LW: During my college years, my student job was a bus operator for University of Georgia’s Campus Transit System, which involved 40+ foot buses with air brakes and all. So, I’m used to driving vehicles that rattle the windows! But once I drove an EV and experienced the instant torque, the concern over lack of engine noise faded. I think there will always be folks that want the auditory experience, though. Perhaps that is another business opportunity for the auto customization market as EV adoption grows.
The challenges of EV adoption from the customer perspective are well documented, from range anxiety to completely reframing expectations of what it means to plan trips. But what are some of the challenges from the utility perspective that might not be as well documented or known across the industry? One thing that keeps me up at night is the speed of transition for EVs across the transportation spectrum and what that means for the utility. Today, we are beginning to see fleet electrification become possible with new medium- and heavy-duty electric options. As battery prices continue to fall and these trucks become cheaper, fleet managers will have a strong incentive to switch their fleets to electric because the total cost of ownership will be much lower than the diesel alternative. If a customer adds 50 new electric trucks in a year’s time, in one depot, that could present challenges for energy companies to serve without some form of managed charging. I’m fortunate to work with many very smart people, both at Southern and in the industry, that are already hard at work figuring this out.
MC: You work with the Alliance for Transportation Electrification on the policy committee—given that experience, can you give an example of an EV policy that you think has been highly successful and should be emulated and an EV policy that was well-intentioned but maybe suffered from a pitfall?
LW: First, there is no silver bullet when it comes to the “how” of EV policies! They differ based on goals of the particular area. However, one thing I do like to see is agreement among all involved on the “what” and “why” of EVs. In other words, there are multiple stakeholders in agreement that EVs will benefit the cities, counties, and states and action should be taken to support them. For example, in Washington State the Legislature enacted ESHB 1853, which provided the Washington Utilities and Transportation Commission direction on how to treat EV charging equipment. The City of Atlanta passed an ordinance via the City Council requiring new construction to be EV-ready. In both cases, people saw the benefits fo driving electric and worked towards a consensus.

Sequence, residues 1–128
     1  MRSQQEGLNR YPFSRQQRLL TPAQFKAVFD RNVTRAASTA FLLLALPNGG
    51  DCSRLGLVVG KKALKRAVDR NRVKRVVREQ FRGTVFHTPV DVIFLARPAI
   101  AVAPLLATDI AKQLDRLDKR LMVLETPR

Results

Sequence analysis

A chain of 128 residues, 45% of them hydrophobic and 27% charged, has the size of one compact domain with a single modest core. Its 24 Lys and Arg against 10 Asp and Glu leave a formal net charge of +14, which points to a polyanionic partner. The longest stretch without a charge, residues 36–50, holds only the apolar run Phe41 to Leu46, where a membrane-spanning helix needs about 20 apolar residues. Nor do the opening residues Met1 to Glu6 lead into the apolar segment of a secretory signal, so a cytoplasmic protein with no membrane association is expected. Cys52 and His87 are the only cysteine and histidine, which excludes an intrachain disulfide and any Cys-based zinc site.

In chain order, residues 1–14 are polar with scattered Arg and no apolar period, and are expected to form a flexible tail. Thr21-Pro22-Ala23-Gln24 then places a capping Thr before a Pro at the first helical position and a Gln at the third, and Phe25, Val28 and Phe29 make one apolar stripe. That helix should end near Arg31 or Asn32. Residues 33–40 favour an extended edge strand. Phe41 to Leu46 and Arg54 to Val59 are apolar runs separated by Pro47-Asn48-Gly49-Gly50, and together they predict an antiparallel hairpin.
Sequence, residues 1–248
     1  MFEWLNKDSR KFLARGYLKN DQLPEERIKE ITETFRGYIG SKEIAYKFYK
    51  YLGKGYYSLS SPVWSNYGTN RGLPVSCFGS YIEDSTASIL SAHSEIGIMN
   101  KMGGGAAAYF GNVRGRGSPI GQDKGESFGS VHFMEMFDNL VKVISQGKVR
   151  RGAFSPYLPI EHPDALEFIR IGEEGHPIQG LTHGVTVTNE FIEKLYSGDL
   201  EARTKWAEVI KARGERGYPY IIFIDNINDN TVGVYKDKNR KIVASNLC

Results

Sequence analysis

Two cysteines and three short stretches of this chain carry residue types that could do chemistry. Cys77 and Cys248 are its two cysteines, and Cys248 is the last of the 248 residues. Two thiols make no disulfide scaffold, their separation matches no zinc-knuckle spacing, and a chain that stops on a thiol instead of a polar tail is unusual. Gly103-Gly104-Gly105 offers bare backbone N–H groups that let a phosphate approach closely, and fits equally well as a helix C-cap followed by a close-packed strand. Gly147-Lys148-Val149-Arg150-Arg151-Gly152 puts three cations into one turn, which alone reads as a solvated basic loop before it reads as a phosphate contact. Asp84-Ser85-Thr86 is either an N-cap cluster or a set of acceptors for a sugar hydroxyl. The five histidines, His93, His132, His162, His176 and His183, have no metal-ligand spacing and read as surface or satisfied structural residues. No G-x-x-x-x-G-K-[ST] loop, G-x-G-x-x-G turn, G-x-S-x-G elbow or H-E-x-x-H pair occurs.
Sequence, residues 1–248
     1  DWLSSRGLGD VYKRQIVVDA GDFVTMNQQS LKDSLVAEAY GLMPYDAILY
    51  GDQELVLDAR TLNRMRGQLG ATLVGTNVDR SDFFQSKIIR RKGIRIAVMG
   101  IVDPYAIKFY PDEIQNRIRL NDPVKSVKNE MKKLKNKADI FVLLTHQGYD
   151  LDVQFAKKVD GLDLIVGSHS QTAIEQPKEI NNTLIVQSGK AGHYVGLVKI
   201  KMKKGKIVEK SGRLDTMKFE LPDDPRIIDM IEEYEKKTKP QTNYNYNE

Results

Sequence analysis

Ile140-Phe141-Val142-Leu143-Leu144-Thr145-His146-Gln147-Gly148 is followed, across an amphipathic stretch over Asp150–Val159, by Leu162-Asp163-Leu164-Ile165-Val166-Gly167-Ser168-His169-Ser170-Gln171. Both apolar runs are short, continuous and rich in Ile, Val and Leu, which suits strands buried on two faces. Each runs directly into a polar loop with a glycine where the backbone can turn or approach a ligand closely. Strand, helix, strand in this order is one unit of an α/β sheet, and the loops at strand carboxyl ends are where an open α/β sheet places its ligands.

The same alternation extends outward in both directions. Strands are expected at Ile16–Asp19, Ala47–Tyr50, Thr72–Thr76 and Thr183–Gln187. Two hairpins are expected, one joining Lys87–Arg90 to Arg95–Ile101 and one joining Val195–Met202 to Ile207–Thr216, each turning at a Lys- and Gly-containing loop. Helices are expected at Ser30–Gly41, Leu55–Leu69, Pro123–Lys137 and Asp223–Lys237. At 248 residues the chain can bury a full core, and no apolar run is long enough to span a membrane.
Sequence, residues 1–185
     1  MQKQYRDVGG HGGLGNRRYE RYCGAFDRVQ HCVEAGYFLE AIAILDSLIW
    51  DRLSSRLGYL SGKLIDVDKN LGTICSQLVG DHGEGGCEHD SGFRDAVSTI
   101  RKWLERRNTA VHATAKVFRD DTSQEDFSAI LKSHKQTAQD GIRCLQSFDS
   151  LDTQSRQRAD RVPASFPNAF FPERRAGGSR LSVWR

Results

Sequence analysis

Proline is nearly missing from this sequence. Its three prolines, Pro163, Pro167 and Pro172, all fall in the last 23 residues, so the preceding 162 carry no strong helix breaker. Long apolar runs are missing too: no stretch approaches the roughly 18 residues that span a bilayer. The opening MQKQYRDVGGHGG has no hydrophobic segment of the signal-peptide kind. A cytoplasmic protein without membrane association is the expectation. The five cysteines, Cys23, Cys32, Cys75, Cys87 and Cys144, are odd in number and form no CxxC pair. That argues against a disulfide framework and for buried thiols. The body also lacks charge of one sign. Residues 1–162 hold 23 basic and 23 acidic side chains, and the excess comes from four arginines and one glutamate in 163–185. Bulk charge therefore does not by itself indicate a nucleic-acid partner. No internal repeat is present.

One issue I think needs to be addressed is the Road Tax issue with the Highway Trust Fund. Every so often, I read articles that blame EVs for the HTF shortage and that EVs aren’t paying their ‘fair share’ towards road improvements. I drive an EV and I agree that EVs need to pay for road use. However, EVs are miniscule in terms of total penetration of the transportation fleet. The HTF has been chronically underfunded even before electric vehicles became available. There are solutions, but no clear winners as of yet.
MC: How do you think utilities can best balance the short-term and long-term goals when it comes to vehicle electrification?
LW: As a company, Southern Company places the needs of the customer at the center of everything we do. Remaining laser-focused on delivering clean, safe, affordable, and reliable service to our customers serves both our short- and long-term goals. Given the potential speed for electrification adoption, pun intended, short- and long-term may need new definitions!
MC: When you attend the SEEA Meeting in October, are there any topics or panels/talks you’re specifically eager to hear outside of vehicle electrification?
LW: I’m excited to hear about Innovation Investments in the Southeast Energy Efficiency Fund on Oct 22, Equitable Strategies for Energy Efficiency on Oct 23. Given my experiences growing up, I’m very interested in hearing how communities around the Southeast are engaging the community around energy planning in general.
If you’re interested in hearing more about Lincoln’s insights into vehicle electrification from the utility perspective, be sure to check out his presentation at the 2019 SEEA Conference, taking place from October 21 to 23 in Atlanta, Georgia. You can check out the agenda and register for the conference here.